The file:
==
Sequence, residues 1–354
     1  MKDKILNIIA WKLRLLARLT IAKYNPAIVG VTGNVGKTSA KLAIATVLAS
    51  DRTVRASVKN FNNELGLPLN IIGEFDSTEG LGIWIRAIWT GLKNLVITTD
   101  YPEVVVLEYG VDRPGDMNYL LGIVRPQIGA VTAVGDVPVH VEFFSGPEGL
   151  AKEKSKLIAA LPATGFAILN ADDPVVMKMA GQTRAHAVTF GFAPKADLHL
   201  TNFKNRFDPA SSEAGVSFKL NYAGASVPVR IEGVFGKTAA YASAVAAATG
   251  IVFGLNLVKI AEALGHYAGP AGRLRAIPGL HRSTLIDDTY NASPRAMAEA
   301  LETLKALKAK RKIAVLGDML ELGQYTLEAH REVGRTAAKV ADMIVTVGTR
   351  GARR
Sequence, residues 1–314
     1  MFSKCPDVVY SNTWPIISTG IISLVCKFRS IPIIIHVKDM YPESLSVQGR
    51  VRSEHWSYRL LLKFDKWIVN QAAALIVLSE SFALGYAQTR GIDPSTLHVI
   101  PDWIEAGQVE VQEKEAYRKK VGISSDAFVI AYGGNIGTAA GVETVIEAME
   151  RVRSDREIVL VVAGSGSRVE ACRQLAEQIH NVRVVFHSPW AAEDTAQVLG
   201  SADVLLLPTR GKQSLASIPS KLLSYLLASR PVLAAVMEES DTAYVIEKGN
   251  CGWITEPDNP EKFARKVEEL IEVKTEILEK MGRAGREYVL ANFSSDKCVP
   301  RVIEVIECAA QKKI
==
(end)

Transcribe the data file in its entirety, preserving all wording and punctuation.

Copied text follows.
Sequence, residues 1–354
     1  MKDKILNIIA WKLRLLARLT IAKYNPAIVG VTGNVGKTSA KLAIATVLAS
    51  DRTVRASVKN FNNELGLPLN IIGEFDSTEG LGIWIRAIWT GLKNLVITTD
   101  YPEVVVLEYG VDRPGDMNYL LGIVRPQIGA VTAVGDVPVH VEFFSGPEGL
   151  AKEKSKLIAA LPATGFAILN ADDPVVMKMA GQTRAHAVTF GFAPKADLHL
   201  TNFKNRFDPA SSEAGVSFKL NYAGASVPVR IEGVFGKTAA YASAVAAATG
   251  IVFGLNLVKI AEALGHYAGP AGRLRAIPGL HRSTLIDDTY NASPRAMAEA
   301  LETLKALKAK RKIAVLGDML ELGQYTLEAH REVGRTAAKV ADMIVTVGTR
   351  GARR
Sequence, residues 1–314
     1  MFSKCPDVVY SNTWPIISTG IISLVCKFRS IPIIIHVKDM YPESLSVQGR
    51  VRSEHWSYRL LLKFDKWIVN QAAALIVLSE SFALGYAQTR GIDPSTLHVI
   101  PDWIEAGQVE VQEKEAYRKK VGISSDAFVI AYGGNIGTAA GVETVIEAME
   151  RVRSDREIVL VVAGSGSRVE ACRQLAEQIH NVRVVFHSPW AAEDTAQVLG
   201  SADVLLLPTR GKQSLASIPS KLLSYLLASR PVLAAVMEES DTAYVIEKGN
   251  CGWITEPDNP EKFARKVEEL IEVKTEILEK MGRAGREYVL ANFSSDKCVP
   301  RVIEVIECAA QKKI